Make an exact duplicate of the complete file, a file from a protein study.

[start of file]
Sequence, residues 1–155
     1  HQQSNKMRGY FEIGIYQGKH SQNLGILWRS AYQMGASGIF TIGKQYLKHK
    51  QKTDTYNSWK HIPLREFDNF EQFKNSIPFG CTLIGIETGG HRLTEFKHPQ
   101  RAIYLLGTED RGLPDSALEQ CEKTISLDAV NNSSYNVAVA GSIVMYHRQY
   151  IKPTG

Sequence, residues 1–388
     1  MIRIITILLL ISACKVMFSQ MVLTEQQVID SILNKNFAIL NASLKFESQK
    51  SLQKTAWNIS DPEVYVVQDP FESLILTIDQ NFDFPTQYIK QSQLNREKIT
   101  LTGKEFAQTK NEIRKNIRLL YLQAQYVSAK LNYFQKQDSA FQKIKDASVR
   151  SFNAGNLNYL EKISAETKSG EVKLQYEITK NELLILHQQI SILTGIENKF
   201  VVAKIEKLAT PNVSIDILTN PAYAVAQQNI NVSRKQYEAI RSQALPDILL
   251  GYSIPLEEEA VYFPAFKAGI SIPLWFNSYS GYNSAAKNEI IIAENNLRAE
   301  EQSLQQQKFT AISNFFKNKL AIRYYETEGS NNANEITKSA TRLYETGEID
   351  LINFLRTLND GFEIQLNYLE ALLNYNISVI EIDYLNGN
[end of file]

Sequence, residues 1–155
     1  HQQSNKMRGY FEIGIYQGKH SQNLGILWRS AYQMGASGIF TIGKQYLKHK
    51  QKTDTYNSWK HIPLREFDNF EQFKNSIPFG CTLIGIETGG HRLTEFKHPQ
   101  RAIYLLGTED RGLPDSALEQ CEKTISLDAV NNSSYNVAVA GSIVMYHRQY
   151  IKPTG

Sequence, residues 1–388
     1  MIRIITILLL ISACKVMFSQ MVLTEQQVID SILNKNFAIL NASLKFESQK
    51  SLQKTAWNIS DPEVYVVQDP FESLILTIDQ NFDFPTQYIK QSQLNREKIT
   101  LTGKEFAQTK NEIRKNIRLL YLQAQYVSAK LNYFQKQDSA FQKIKDASVR
   151  SFNAGNLNYL EKISAETKSG EVKLQYEITK NELLILHQQI SILTGIENKF
   201  VVAKIEKLAT PNVSIDILTN PAYAVAQQNI NVSRKQYEAI RSQALPDILL
   251  GYSIPLEEEA VYFPAFKAGI SIPLWFNSYS GYNSAAKNEI IIAENNLRAE
   301  EQSLQQQKFT AISNFFKNKL AIRYYETEGS NNANEITKSA TRLYETGEID
   351  LINFLRTLND GFEIQLNYLE ALLNYNISVI EIDYLNGN